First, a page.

On the sixth day of CoDI Mr Murray asked me, when, where and how would you like to die?
Scott Murray: Bringing Death Back to Life
Professor Scott Murray, St Columba’s Hospice Chair of Primary Palliative Care at the University of Edinburgh, is appearing at the Cabaret of Dangerous Ideas as part of Death on the Fringe. Death on the Fringe is a series of events looking at this difficult topic. Director of Death on the Fringe, Robert Peacock explains more…
Death is never the easiest thing to talk about. That much is obvious. But like many things, it doesn’t go away just because you push it to the back of your mind and pretend it’s not going to happen. Paradoxically, if you do discuss it, it can become much easier to deal with and hence quite liberating.
What do you want to happen after you die? Have you made a will? Have you thought about your funeral? What about if you become terminally ill?
These are questions it is better to have with relatives and friends while everyone is calm and in good health, rather than in the emotional upheaval that surrounds a health scare or emergency situation.
Death on the Fringe exists as a way to kick-start those conversations in an entertaining and understanding way, at the world’s biggest arts festival. If the taboo surrounding death can’t be broken at the Fringe, where can it?
We are now in our third year. As well as incorporating comedy and drama, we also programme a range of events featuring prominent academics and thinkers in the area of death and bereavement.
Professor Murray has supported Death on the Fringe since the beginning and we’re delighted to have him performing this year as part of the Cabaret of Dangerous Ideas. He used to work in rural Kenya and has very interesting perspectives on how different cultures treat death around the world.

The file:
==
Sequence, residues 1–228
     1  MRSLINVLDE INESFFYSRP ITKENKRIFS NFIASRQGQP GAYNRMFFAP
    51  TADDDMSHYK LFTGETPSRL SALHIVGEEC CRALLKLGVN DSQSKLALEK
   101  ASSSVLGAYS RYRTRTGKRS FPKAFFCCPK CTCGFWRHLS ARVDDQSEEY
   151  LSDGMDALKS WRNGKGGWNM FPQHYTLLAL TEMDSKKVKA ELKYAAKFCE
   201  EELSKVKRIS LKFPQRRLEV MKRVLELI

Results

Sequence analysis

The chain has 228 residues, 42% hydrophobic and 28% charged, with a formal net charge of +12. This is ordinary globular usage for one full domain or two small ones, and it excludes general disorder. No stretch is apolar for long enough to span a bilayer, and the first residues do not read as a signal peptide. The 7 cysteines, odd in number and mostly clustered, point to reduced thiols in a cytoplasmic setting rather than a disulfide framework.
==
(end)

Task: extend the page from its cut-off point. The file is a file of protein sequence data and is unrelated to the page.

He draws on that experience to challenge people with the questions: when, where and how would you like to die? Why are we not planning for death the same way we plan for a wedding for instance? Could it not save a lot of heartache, suffering and expense?
These are challenging things to think about, and there are no easy answers, but we do hope that by posing the questions, it helps to make the inevitable less intimidating and unthinkable.
Please join us at Professor Murray’s talk, and when you’re not at other Cabaret of Dangerous Ideas events, see what else is on at Death on the Fringe on our website, www.deathonthefringe.org.uk. You can also find out about the wider year round initiative of which it is a part, Good Life Good Death Good Grief, on the website www.goodlifedeathgrief.org.uk.
Scott’s show takes place on Tuesday 9th August, Stand in the Square (Venue 372), 3-4pm, £8 (£6)
Purchase tickets at: http://www.outstandingtickets.com/show/99/performance/1534/book-tickets